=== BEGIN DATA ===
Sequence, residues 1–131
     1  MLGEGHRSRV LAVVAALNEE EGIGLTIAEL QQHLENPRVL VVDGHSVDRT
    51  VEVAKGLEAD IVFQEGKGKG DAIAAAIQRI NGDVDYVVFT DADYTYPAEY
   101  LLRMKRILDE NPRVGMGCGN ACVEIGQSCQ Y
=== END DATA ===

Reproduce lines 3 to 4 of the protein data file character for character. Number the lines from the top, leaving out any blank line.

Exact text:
    51  VEVAKGLEAD IVFQEGKGKG DAIAAAIQRI NGDVDYVVFT DADYTYPAEY
   101  LLRMKRILDE NPRVGMGCGN ACVEIGQSCQ Y